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Moral Distress, Ethical Environment, and the Embedded Ethicist

Donna Messutta, The Journal of Clinical Ethics 28, no. 4 (Winter 2017): 318-24.

Interest in understanding the experience of moral distress has steadily gained traction in the 30 years since Jameton first described the phenomenon. This curiosity should be of no surprise, since we now have data documenting the incidence across most caregiver roles and healthcare settings, both in the United States and internationally. The data have also amplified healthcare providers’ voices who report that the quality of the ethical environment is pivotal to preventing and containing the adverse effects caused by moral distress. Healthcare providers are asking for a moral space where ethics occurs at the bedside, in real time, applied to real cases. They are asking for ethics expertise to be available as part of the care team during their daily work, when treatment goals must be determined and decisions must be made. They are asking for an embedded ethicist who can help cultivate an ethical environment where formal ethics policy is properly applied to practice. This discussion advocates for an embedded ethics resource model that responds to contemporaneous ethics needs as a strategy to mitigate the effects of moral distress.

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Medical Education


The Rise of Hospitalists: An Opportunity for Clinical Ethics

Matthew W. McCarthy, Diego Real de Asua, and Joseph J. Fins, The Journal of Clinical Ethics 28, no. 4 (Winter 2017): 325-32.

Translating ethical theories into clinical practice presents a perennial challenge to educators. While many suggestions have been put forth to bridge the theory-practice gap, none have sufficiently remedied the problem. We believe the ascendance of hospital medicine, as a dominant new force in medical education and patient care, presents a unique opportunity that could redefine the way clinical ethics is taught. The field of hospital medicine in the United States is comprised of more than 50,000 hospitalists—specialists in inpatient medicine—representing the fastest growing subspecialty in the history of medicine, and its members have emerged as a dominant new force around which medical education and patient care pivot. This evolution in medical education presents a unique opportunity for the clinical ethics community. Through their proximity to patients and trainees, hospitalists have the potential to teach medical ethics in real time on the wards, but most hospitalists have not received formal training in clinical ethics. We believe it is time to strengthen the ties between hospital medicine and medical ethics, and in this article we outline how clinical ethicists might collaborate with hospitalists to identify routine issues that do not rise to the level of an “ethics consult,” but nonetheless require an intellectual grounding in normative reasoning. We use a clinical vignette to explore how this approach might enhance and broaden the scope of medical education that occurs in the inpatient setting: A patient with an intra-abdominal abscess is admitted to the academic hospitalist teaching service for drainage of the fluid, hemodynamic support, and antimicrobial therapy. During the initial encounter with the hospitalist and his team of medical students and residents, the patient reports night sweats and asks if this symptom could be due to the abscess. How should the hospitalist approach this question?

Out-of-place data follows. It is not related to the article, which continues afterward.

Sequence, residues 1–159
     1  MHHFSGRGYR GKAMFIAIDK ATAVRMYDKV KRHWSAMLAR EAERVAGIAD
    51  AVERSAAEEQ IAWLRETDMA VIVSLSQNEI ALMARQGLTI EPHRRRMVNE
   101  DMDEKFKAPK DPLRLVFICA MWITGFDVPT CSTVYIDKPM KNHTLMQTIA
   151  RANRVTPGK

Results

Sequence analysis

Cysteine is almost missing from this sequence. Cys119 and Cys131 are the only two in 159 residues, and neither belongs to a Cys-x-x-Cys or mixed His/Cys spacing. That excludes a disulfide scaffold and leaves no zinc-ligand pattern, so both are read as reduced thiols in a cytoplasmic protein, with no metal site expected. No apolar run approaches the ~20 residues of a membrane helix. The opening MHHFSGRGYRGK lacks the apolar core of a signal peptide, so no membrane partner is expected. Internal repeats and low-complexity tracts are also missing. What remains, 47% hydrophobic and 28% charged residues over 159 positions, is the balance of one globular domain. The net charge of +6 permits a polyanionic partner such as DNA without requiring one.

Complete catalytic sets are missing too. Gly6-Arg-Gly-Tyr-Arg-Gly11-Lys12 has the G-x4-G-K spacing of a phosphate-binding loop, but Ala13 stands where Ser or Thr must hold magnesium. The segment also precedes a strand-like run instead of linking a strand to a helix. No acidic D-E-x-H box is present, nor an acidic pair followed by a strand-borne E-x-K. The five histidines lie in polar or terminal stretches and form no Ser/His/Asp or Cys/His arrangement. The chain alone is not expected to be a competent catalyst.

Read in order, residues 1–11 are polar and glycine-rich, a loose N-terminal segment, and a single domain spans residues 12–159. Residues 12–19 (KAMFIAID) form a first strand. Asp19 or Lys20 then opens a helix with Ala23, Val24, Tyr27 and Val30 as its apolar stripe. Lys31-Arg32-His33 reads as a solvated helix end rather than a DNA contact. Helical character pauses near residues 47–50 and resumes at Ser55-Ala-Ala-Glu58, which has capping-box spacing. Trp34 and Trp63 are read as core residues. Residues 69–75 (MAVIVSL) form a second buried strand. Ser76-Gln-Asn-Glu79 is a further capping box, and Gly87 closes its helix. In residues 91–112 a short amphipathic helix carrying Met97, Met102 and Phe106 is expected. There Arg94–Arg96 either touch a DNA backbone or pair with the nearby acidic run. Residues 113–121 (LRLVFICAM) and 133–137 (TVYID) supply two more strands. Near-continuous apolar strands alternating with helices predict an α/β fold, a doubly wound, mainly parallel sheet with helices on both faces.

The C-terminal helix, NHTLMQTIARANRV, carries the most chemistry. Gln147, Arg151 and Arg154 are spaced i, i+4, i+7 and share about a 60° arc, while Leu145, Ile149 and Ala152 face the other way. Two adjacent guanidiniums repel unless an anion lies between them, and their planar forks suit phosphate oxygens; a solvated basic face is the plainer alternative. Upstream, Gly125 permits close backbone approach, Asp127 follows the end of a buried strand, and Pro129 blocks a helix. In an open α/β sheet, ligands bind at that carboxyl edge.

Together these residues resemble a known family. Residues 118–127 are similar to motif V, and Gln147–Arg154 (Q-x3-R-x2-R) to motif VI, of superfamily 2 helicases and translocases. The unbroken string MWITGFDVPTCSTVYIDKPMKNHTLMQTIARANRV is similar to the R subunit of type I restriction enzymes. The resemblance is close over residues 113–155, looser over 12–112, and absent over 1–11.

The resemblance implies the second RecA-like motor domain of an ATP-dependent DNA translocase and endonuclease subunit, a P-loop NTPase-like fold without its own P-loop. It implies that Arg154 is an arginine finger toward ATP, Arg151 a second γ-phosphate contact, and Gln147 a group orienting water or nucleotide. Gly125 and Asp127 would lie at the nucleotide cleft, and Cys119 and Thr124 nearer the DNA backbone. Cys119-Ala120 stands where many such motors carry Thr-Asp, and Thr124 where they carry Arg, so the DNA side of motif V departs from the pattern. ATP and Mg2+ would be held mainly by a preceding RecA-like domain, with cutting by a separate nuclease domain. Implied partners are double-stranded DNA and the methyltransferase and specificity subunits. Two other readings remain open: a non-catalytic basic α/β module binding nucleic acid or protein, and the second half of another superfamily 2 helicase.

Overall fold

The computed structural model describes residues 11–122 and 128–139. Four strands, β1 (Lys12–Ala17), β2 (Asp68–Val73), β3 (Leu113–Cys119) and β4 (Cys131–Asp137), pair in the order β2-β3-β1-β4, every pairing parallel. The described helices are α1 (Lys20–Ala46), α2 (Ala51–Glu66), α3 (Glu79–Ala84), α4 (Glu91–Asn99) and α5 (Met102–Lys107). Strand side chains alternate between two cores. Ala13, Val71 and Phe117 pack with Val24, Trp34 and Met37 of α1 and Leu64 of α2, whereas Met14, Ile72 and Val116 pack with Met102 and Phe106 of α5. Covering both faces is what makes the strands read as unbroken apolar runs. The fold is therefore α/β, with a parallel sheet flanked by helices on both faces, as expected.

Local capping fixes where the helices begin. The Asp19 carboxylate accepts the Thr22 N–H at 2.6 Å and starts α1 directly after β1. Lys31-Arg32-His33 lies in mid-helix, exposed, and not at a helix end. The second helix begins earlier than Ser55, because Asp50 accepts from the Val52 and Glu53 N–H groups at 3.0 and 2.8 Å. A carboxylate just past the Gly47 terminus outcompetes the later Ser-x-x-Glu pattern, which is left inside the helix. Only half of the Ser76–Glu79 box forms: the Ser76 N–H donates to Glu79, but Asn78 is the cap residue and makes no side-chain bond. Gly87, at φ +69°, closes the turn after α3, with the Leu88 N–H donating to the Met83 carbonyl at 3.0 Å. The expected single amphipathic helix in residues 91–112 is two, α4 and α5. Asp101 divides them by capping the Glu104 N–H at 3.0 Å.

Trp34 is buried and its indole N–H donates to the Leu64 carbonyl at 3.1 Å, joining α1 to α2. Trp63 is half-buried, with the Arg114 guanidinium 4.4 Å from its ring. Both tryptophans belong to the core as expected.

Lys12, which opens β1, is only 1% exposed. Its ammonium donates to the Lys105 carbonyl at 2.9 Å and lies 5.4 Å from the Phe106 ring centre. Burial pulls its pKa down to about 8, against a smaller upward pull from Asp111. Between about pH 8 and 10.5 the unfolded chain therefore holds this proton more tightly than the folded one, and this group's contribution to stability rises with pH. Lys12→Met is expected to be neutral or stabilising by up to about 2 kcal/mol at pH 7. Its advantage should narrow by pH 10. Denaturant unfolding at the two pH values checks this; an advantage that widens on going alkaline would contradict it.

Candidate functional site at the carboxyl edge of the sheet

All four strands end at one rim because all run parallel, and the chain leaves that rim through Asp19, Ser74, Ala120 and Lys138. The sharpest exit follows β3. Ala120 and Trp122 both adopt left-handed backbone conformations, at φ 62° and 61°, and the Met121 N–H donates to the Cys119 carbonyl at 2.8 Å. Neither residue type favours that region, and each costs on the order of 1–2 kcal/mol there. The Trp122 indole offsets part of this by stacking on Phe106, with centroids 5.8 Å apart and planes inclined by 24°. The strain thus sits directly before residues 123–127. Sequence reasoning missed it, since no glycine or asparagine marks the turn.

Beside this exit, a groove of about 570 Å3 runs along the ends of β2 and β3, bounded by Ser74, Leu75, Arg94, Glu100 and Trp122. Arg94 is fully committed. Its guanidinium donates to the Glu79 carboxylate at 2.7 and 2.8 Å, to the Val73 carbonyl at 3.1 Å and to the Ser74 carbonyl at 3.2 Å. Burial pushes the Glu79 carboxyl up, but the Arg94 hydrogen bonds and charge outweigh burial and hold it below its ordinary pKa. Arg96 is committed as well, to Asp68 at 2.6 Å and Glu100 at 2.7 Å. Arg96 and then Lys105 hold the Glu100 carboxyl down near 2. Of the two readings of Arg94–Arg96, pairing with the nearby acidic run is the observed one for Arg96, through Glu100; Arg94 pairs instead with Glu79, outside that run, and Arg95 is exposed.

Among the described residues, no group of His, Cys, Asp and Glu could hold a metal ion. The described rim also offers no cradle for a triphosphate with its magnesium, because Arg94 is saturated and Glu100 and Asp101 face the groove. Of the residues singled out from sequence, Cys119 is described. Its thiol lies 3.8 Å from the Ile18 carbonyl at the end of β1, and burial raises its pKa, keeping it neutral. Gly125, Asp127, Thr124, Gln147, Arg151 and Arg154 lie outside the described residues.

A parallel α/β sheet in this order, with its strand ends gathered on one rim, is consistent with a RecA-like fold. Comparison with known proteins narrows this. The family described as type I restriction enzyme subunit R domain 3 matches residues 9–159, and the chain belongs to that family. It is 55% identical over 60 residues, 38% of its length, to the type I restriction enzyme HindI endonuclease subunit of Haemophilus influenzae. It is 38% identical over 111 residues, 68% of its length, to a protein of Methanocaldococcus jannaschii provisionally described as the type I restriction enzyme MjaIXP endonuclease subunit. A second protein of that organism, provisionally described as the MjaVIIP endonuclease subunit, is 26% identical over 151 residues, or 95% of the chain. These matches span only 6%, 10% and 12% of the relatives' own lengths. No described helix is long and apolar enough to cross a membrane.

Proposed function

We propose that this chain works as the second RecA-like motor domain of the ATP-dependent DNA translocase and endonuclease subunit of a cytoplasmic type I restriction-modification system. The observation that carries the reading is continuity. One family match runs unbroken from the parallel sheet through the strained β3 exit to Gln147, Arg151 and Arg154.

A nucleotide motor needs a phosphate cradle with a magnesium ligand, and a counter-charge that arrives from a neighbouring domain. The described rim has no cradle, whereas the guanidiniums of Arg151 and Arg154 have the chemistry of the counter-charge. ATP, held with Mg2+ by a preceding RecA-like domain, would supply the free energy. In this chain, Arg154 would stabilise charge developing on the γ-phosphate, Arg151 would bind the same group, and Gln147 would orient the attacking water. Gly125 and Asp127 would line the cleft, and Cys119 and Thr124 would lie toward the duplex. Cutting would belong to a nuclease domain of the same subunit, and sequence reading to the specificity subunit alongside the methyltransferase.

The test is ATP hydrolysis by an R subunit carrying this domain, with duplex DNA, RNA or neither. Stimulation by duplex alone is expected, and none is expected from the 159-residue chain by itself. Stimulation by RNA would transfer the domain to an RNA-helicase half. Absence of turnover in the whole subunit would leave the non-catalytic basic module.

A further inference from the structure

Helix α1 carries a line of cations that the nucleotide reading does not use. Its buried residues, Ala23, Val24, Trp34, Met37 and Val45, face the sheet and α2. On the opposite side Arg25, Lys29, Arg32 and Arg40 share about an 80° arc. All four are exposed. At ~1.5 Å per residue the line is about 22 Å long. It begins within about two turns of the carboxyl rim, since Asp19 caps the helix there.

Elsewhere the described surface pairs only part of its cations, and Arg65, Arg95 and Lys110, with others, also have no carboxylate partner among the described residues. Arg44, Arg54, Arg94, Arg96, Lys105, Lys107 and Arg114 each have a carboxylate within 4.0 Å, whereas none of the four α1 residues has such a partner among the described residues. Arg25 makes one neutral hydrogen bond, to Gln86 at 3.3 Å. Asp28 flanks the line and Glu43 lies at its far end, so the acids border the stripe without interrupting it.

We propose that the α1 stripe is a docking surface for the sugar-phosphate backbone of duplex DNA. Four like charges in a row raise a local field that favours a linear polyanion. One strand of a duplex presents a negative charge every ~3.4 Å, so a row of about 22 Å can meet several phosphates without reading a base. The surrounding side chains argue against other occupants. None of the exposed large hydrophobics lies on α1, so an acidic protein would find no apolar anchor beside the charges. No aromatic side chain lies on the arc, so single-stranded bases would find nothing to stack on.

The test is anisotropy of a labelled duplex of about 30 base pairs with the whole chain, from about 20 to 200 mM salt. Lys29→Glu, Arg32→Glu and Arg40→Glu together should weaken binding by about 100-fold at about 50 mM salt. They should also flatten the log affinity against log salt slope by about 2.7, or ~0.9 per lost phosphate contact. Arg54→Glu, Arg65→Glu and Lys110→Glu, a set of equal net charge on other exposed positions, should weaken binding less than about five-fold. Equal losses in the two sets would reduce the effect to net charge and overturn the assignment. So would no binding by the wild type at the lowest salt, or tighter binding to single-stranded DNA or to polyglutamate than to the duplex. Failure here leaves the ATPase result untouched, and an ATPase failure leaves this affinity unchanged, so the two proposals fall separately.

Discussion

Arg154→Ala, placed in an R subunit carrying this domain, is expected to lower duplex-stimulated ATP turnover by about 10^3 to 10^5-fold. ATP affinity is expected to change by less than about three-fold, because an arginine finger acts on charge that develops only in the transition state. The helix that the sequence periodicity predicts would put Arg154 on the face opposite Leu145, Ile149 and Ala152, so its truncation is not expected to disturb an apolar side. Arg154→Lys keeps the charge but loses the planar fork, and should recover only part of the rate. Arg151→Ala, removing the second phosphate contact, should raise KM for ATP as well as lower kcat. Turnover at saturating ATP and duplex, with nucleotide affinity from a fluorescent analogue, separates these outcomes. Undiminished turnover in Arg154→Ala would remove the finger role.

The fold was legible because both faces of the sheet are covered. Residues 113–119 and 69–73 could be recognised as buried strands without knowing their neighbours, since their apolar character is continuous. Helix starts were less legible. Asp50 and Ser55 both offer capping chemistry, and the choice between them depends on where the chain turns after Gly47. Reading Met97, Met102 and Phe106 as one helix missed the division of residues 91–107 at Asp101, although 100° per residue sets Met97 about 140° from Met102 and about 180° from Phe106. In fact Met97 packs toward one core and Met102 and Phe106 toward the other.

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The Journal of Clinical Ethics, 28, number 3, Fall 2017


At the Bedside

Nine Lessons from Ashley and Her Parents

Edmund G. Howe, The Journal of Clinical Ethics 28, no. 3 (Fall 2017): 177-88.

Parents’ love for their child, even a child who has severe impairments, may give them much joy and quality in their life. This is also the case for caregivers of adults with severe cognitive impairments, such as end-stage dementia. How can clinicians work with these parents and caregivers and help them?

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Holding Ashley (X): Bestowing Identity Through Caregiving in Profound Intellectual Disability

Lisa Freitag and Joan Liaschenko, The Journal of Clinical Ethics 28, no. 3 (Fall 2017): 189-96.

The controversy over the so-called Ashley Treatment (AT), a series of medical procedures that inhibited both growth and sexual development in the body of a profoundly intellectually impaired girl, usually centers either on Ashley’s rights, including a right to an intact, unaltered body, or on Ashley’s parents’ rights to make decisions for her. The claim made by her parents, that the procedure would improve their ability to care for her, is often dismissed as inappropriate or, at best, irrelevant. We argue, however, that caregiving is a central issue in the controversy, as Ashley’s need for caregiving is a defining characteristic of her life. In this article, we analyze the ethics of the Ashley Treatment within the context of family caregiving. Through the physical and emotional work of caregiving, families participate in the formation and maintenance of personal identity, a process that Hilde Lindemann recently called “holding.” We argue that, in an intellectually disabled person such as Ashley, who depends on her family for every aspect of her care, the family’s contribution to identity is an essential source of personhood. We believe that the treatment can be justified if it is indeed an instance of appropriate family “holding” for Ashley.